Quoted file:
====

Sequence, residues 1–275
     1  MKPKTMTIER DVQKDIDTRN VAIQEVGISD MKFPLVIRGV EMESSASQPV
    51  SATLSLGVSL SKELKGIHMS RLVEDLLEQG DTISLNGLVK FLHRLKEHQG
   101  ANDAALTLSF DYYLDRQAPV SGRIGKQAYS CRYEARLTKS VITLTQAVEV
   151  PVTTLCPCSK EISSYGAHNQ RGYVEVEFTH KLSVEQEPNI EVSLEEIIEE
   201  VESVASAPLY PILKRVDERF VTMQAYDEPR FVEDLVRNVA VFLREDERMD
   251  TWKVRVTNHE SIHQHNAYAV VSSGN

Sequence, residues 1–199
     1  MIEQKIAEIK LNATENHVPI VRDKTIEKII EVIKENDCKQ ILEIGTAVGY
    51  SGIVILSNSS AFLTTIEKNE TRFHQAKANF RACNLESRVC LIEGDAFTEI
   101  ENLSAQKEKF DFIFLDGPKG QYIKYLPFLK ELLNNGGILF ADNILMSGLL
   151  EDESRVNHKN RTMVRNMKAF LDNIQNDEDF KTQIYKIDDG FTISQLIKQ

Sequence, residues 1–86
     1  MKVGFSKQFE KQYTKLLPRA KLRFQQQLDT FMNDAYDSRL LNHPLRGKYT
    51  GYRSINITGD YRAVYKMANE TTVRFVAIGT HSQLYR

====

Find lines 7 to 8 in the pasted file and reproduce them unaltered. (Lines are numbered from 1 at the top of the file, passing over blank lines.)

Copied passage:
   251  TWKVRVTNHE SIHQHNAYAV VSSGN

Sequence, residues 1–199